What should she be when she grows up?
February 19, 2011 6:17 PM   Subscribe

What can a 27-year old with a BFA do for a semi-stable career?

My girlfriend is a very talented illustrator. She graduated several years ago with her BFA and had been working as a receptionist and doing freelance ever since then. However, we recently relocated so I could go back to school and she is now unemployed, and feeling really discouraged. Due to the economy, the freelance illustration market has significantly dried up and she has not been finding any work. Though she is applying, she hadn't found any job leads yet either.

I can't help but feel that as an intelligent, hard-working, and likeable person with a college degree, she should be able to find some sort of reliable career, even if it means changing direction a bit. She's sick of working a low-paying, hourly job and is feeling the pressure of nearing her 30's without the success she hoped for in the illustration world. (I'm still holding out hope because I think she's really quite good and certainly motivated.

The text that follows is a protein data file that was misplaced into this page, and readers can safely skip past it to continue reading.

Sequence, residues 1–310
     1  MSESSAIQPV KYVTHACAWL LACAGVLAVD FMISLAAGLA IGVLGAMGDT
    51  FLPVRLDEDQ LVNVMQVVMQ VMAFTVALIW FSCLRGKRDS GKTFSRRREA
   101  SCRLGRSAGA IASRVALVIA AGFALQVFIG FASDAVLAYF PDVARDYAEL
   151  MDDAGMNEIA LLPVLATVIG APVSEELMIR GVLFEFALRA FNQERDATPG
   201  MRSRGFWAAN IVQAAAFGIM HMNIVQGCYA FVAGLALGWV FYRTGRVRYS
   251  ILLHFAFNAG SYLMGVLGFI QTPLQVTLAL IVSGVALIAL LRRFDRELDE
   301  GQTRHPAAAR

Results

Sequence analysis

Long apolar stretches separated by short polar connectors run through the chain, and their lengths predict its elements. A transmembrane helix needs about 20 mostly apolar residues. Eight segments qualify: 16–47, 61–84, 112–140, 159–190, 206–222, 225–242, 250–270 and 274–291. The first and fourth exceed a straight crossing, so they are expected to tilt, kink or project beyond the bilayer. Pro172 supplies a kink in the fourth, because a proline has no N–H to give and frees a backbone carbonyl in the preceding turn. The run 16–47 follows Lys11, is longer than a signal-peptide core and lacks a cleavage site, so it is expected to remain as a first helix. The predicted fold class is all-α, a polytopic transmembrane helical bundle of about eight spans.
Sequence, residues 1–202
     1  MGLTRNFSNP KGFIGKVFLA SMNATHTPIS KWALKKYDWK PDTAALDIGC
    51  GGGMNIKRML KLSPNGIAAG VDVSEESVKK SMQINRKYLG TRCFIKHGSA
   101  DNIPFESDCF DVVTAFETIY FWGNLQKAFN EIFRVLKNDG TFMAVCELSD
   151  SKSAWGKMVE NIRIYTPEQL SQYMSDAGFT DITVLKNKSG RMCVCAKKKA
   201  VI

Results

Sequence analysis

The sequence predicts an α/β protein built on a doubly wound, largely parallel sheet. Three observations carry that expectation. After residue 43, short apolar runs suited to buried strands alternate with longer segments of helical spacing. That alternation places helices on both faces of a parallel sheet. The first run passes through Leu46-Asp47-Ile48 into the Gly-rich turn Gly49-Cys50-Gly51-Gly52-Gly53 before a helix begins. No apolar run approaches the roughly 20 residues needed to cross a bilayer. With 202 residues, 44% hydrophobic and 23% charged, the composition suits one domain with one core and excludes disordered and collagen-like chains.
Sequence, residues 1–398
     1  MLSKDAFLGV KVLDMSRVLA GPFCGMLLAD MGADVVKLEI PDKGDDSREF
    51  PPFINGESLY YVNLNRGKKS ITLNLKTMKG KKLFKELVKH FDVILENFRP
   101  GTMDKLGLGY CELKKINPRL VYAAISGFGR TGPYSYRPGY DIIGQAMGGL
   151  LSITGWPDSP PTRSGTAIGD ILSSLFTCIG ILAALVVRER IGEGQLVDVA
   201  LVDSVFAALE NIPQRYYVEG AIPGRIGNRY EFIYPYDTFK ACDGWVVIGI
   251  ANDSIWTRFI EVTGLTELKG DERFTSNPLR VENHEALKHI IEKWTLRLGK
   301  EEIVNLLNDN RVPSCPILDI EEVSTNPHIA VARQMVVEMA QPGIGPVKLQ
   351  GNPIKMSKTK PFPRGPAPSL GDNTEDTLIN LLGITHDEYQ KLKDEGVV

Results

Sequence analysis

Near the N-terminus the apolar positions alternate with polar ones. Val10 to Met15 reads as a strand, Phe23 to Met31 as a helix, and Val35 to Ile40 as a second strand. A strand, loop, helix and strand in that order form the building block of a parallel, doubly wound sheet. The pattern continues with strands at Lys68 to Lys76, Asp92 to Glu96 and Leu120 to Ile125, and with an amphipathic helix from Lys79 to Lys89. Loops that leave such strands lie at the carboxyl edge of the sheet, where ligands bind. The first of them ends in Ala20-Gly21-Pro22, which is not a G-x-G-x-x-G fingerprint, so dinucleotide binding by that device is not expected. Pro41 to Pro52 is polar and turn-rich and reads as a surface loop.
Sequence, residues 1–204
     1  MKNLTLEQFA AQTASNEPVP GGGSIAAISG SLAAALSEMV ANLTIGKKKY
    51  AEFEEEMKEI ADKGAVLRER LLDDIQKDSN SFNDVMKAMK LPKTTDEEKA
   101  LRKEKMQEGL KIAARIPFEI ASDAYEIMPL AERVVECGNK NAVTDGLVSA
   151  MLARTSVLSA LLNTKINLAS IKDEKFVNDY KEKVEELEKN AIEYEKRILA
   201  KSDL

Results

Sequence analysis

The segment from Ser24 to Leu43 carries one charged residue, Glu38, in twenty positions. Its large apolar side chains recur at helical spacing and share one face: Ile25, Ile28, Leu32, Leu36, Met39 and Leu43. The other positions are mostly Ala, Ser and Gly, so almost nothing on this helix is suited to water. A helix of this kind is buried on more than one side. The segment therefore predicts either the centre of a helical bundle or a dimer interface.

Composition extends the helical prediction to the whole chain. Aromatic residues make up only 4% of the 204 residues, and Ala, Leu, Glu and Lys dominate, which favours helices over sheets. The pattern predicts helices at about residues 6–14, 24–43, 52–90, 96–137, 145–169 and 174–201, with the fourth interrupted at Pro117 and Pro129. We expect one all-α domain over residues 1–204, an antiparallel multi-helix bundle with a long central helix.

I guess my question is, what are some of the best avenues she could go down? Is there some kind of reliable job or career that someone with a college degree could get into, perhaps with a little additional training? It doesn't have to pay particularly well, though that would certainly be a bonus. It just has to be a legitimate "career" that will be fairly easy (considering) to find a job in and that won't completely kill her soul. For the record, she likes people but is not the constant charm your socks off energetic type (though she is good with small talk and makes friends easily) and doesn't mind a sort of quiet, boring atmosphere. I'd say she performs pretty well under pressure but she does not thrive on it. And she does not particularly want to be an art teacher - in fact, non-art related jobs might be the better route at this point.